Bull Kelp Monitoring

Bull Kelp Monitoring

Bull kelp (Nereocystis leukteana) is the largest species of brown algae native to our region. This fast growing seaweed can grow as much as 60 feet in length in a single year and is an important part of the rocky inter tidal ecosystem of the Salish Sea.  Bull kelp provides a protective habitat for a number of species in the Puget Sound. Animals critical to the food web, such as herring, use bull kelp forests for protection and food during certain life stages.


Working in partnership with the Northwest Straits Commission, the Whatcom MRC conducts annual boat-based surveys of selected bull kelp canopies during low-tide events between July-September.  Using handheld GPS units and kayaks, volunteers map the perimeter of the beds and collect additional data such as water temperatures and bed depth estimates to provide valuable information on the status of bull kelp along the Whatcom County shoreline. The data is shared with the Northwest Straits Commission for comparison with similar information collected by other MRC counties.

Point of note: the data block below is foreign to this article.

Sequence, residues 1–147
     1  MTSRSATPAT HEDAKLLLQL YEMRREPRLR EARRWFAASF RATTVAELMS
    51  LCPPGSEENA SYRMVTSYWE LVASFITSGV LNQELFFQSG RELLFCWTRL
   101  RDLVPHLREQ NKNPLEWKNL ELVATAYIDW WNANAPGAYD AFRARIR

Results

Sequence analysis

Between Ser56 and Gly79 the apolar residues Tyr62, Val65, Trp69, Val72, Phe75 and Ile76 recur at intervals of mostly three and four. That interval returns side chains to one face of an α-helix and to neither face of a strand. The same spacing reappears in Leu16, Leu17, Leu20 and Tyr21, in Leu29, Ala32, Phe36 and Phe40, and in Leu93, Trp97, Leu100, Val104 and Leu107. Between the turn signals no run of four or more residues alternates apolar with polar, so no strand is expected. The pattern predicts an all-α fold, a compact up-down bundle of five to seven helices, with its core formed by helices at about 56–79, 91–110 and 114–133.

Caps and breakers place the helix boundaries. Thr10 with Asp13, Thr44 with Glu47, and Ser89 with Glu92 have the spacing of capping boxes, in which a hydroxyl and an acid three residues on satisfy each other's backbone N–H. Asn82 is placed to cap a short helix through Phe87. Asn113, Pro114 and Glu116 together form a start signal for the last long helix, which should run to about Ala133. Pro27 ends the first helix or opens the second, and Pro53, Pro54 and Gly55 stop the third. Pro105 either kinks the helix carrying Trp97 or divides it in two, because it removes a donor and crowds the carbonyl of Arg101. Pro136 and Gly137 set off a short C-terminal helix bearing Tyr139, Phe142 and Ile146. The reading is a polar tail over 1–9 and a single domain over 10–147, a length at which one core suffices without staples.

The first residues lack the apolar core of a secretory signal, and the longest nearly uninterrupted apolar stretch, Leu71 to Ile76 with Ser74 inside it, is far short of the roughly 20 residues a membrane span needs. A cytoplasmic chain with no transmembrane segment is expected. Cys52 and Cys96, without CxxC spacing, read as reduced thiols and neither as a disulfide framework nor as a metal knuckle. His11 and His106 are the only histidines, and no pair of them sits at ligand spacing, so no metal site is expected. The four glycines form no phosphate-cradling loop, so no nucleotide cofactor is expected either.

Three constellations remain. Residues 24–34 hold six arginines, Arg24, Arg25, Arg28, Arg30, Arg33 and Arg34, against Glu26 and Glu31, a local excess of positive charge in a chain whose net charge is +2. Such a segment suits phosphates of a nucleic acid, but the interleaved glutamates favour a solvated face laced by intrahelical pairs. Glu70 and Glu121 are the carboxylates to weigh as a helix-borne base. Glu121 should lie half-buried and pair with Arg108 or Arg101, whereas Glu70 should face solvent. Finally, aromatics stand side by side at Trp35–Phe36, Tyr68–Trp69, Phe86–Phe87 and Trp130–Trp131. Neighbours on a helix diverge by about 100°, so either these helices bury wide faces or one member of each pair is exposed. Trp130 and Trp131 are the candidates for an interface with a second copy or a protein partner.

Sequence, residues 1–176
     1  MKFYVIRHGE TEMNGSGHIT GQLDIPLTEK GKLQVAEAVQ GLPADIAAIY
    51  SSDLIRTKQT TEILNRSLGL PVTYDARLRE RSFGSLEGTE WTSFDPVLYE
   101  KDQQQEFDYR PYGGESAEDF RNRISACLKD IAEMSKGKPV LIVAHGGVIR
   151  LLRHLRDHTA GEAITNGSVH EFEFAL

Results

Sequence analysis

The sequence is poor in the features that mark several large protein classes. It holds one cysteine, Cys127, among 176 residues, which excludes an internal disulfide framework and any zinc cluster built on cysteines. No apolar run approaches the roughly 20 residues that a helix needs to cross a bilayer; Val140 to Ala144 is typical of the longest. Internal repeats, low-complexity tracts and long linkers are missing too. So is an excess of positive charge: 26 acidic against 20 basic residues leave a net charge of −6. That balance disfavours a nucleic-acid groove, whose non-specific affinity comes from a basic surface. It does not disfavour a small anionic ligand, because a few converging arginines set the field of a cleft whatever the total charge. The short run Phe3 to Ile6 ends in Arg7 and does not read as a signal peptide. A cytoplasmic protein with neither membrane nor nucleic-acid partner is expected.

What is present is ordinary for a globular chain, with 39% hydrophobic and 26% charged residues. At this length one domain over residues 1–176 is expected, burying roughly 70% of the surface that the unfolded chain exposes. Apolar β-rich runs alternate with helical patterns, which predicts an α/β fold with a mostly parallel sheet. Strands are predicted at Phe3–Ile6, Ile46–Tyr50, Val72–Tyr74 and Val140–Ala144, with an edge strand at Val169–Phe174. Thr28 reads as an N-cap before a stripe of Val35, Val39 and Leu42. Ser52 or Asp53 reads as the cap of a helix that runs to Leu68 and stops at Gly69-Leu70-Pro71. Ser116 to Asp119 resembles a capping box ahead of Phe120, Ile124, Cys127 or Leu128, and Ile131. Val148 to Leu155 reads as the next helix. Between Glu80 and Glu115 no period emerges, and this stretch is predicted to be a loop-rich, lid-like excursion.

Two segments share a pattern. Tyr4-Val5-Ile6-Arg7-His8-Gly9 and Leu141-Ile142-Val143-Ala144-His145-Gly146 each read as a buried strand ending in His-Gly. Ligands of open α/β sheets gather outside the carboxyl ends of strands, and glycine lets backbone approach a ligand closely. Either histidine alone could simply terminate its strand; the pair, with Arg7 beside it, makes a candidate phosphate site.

Northwest Straits Initiative - Surveying Kelp from Transect Films on Vimeo.

Whatcom MRC Kelp Survey Sites

The MRC uses a standard protocol developed by the Northwest Straits Commission to simply and reliably monitor changes is existing kelp beds.  You can view data from each of the kelp beds surveyed at the links below.

Data graphics developed by: Leah Robison, Northwest Straits Commission



Photo by Jim Ramaglia
Bull Kelp Monitoring